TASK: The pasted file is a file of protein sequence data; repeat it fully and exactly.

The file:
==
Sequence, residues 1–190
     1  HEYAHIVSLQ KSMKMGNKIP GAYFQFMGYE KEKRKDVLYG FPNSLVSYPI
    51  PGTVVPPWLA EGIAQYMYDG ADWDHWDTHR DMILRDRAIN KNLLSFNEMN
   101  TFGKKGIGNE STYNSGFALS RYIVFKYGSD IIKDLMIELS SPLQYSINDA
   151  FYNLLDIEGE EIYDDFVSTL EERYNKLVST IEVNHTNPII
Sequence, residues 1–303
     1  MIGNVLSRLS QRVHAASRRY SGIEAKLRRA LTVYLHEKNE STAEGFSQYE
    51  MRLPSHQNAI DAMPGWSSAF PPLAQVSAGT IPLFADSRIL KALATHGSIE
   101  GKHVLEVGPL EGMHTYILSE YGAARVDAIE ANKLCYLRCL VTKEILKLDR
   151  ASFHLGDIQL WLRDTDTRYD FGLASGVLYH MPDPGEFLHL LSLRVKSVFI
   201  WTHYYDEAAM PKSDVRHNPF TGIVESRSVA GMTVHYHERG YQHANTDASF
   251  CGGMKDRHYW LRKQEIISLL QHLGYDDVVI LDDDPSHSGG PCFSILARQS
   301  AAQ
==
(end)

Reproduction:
Sequence, residues 1–190
     1  HEYAHIVSLQ KSMKMGNKIP GAYFQFMGYE KEKRKDVLYG FPNSLVSYPI
    51  PGTVVPPWLA EGIAQYMYDG ADWDHWDTHR DMILRDRAIN KNLLSFNEMN
   101  TFGKKGIGNE STYNSGFALS RYIVFKYGSD IIKDLMIELS SPLQYSINDA
   151  FYNLLDIEGE EIYDDFVSTL EERYNKLVST IEVNHTNPII
Sequence, residues 1–303
     1  MIGNVLSRLS QRVHAASRRY SGIEAKLRRA LTVYLHEKNE STAEGFSQYE
    51  MRLPSHQNAI DAMPGWSSAF PPLAQVSAGT IPLFADSRIL KALATHGSIE
   101  GKHVLEVGPL EGMHTYILSE YGAARVDAIE ANKLCYLRCL VTKEILKLDR
   151  ASFHLGDIQL WLRDTDTRYD FGLASGVLYH MPDPGEFLHL LSLRVKSVFI
   201  WTHYYDEAAM PKSDVRHNPF TGIVESRSVA GMTVHYHERG YQHANTDASF
   251  CGGMKDRHYW LRKQEIISLL QHLGYDDVVI LDDDPSHSGG PCFSILARQS
   301  AAQ